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Anticancer Res. 2006 Nov-Dec;26(6B):4229-33.

Polymorphisms of 5,10-methylenetetrahydrofolate reductase (MTHFR C677T) and thymidylate synthase enhancer region (TSER) as a risk factor of cholangiocarcinoma in a Korean population.

Author information

1
Department of Internal Medicine, College of Medicine, Pochon CHA University, Seongnam, South Korea.

Abstract

BACKGROUND:

5,10-Methylenetetrahydrofolate reductase (MTHFR), a key enzyme in folate metabolism, plays a major role in the provision of methyl groups for DNA methylation; thymidylate synthase (TS) is a rate-limiting enzyme in the synthesis of dTMP and DNA repair. The clinical role of genetic polymorphisms of MTHFR and that of the TS enhancer region (TSER) were demonstrated in several clinical studies with colorectal, esophageal, gastric and breast cancer. However, there have never been any studies on the association between cholangiocarcinoma (CCC) and genetic polymorphisms of MTHFR and TSER. Therefore, the polymorphism of MTHFR and TSER, which share a common substrate, 5,10-methylenetetrahydrofolate, in CCC was examined, concurrently. The influence of these polymorphisms on plasma homocysteine levels was also investigated.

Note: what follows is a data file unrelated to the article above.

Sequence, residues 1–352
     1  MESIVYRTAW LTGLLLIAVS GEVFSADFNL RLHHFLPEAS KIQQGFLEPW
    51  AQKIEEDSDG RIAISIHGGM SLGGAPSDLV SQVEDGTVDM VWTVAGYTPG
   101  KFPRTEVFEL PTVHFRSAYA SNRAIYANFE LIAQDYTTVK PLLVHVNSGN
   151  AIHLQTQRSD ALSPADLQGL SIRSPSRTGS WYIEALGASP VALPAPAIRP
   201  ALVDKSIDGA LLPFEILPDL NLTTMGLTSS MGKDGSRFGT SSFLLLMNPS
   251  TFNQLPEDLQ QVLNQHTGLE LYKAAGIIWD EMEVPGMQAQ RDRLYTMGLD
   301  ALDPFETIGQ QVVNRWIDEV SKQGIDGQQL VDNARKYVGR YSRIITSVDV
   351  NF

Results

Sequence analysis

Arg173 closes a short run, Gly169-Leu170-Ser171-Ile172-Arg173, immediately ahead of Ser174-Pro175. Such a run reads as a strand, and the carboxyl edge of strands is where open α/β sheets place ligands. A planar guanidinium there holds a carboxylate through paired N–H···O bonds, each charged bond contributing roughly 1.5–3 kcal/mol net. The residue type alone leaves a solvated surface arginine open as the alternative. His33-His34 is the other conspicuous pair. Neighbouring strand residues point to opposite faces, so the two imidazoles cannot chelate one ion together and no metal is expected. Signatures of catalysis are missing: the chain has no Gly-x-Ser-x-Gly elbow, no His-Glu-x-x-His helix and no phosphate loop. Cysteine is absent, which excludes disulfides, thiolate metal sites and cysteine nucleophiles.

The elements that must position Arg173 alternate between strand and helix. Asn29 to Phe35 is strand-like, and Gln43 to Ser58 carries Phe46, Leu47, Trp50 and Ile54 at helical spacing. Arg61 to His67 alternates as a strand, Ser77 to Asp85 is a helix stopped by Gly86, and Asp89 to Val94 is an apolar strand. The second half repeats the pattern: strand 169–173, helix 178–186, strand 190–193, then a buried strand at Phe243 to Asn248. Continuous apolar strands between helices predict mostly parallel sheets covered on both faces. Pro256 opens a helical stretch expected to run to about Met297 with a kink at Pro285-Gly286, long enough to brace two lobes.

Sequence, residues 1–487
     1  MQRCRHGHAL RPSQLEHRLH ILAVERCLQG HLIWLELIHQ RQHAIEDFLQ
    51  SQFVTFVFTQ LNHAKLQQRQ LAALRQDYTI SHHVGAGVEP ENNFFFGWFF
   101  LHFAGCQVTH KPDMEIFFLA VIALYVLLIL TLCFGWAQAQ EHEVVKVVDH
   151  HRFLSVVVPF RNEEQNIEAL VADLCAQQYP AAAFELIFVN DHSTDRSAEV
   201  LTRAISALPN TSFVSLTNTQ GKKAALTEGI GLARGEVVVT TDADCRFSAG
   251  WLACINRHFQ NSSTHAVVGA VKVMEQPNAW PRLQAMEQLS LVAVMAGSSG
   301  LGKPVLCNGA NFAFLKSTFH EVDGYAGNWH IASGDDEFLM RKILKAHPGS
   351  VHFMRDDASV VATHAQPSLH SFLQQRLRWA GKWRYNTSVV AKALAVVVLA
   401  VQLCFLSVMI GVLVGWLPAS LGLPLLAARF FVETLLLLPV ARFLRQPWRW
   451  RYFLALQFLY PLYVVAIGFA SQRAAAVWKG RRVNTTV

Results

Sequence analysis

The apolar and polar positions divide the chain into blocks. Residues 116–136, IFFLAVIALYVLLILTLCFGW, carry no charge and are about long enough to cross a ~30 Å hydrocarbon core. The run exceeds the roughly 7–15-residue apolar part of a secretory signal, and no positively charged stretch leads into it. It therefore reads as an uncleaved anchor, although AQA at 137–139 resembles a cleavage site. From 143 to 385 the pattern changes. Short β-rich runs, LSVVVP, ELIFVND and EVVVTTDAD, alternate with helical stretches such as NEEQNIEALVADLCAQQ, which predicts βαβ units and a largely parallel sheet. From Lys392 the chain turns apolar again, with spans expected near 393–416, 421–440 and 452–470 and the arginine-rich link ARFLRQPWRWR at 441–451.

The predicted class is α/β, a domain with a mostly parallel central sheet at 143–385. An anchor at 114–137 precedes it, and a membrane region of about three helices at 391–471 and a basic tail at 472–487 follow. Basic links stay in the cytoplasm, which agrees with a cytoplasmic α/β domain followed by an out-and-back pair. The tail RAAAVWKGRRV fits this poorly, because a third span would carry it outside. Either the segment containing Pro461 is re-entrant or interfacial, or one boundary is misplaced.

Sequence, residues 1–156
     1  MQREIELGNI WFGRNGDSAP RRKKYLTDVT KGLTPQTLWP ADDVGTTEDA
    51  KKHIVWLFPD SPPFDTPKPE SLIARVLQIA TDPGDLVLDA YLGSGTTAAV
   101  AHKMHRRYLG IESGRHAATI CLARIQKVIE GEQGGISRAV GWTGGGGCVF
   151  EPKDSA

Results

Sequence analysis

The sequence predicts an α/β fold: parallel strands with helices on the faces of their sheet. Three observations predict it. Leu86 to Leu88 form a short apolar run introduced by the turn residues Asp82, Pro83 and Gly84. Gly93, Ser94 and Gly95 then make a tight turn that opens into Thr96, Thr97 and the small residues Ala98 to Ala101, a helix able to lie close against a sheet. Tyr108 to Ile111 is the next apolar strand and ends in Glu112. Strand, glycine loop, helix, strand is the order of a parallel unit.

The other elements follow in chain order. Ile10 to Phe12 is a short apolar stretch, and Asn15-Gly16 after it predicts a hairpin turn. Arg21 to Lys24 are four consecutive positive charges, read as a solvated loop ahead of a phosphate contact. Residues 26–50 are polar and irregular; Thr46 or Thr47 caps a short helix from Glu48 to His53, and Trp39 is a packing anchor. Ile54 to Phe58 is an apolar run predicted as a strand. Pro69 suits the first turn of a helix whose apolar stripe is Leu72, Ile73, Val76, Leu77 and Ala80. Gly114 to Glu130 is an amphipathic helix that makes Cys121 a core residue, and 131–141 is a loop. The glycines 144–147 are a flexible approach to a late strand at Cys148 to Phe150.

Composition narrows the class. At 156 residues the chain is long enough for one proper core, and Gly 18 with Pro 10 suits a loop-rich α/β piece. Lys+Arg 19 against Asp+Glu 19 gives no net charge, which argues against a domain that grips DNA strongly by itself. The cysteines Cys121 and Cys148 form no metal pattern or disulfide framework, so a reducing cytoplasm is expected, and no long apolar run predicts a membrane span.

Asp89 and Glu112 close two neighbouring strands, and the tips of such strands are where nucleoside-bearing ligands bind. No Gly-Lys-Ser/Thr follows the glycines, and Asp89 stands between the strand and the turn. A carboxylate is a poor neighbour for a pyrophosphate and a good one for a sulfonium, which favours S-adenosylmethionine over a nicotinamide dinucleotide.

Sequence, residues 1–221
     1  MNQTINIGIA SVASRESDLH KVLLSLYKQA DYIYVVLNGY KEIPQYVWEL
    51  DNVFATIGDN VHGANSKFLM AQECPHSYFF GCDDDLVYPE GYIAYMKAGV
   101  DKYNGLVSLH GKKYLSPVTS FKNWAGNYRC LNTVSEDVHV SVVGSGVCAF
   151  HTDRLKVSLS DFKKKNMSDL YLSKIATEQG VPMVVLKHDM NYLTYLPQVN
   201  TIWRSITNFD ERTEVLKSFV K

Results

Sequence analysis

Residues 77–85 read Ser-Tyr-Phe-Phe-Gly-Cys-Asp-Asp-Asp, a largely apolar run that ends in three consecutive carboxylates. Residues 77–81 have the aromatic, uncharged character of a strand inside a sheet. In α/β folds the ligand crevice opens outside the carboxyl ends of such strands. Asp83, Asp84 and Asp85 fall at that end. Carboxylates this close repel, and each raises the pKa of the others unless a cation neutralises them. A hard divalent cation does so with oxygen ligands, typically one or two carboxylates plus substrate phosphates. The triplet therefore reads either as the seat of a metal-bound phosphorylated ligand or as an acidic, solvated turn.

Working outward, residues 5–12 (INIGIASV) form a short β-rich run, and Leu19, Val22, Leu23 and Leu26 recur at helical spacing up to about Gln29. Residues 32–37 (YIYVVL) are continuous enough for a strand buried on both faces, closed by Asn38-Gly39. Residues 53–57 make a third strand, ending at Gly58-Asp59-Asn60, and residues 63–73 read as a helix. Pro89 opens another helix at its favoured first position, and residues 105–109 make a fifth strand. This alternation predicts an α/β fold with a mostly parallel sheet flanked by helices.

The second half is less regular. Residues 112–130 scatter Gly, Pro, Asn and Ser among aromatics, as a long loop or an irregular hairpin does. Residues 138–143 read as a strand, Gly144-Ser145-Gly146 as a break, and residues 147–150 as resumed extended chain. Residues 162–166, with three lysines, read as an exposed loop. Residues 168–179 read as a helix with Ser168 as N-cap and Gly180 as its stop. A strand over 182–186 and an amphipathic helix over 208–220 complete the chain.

PATIENTS AND METHODS:

Blood samples were obtained from 47 patients with CCC and 204 healthy control donors. Using polymerase chain reaction and restriction fragment length polymorphism (PCR-RFLP), the C to T transition at position 677 of MTHFR and tandem repeat of 28bp in the enhancer region of TS gene were analyzed. Plasma homocysteine levels were also determined.

RESULTS:

According to the logistic regression model, a combination of MTHFR 677CC with the TSER 2R(+) genotype had a relative risk of 5.38 (95% CI, 1.23-23.56) of developing CCC compared to MTHFR 677CC with TSER 2R(-) (p = 0.0257). The level of homocysteine was lower in CCC patients than healthy controls without statistical significance (8.27 +/- 4.17 vs. 9.40 +/- 2.57, p = 0.093).

CONCLUSION:

Our data suggest a role of MTHFR 677CC with the TSER 2R(+) genotype in increasing the risk of CCC. This study is the first to suggest an association between CCC and the polymorphisms of MTHFR and TSER.

PMID:
17201138
[Indexed for MEDLINE]
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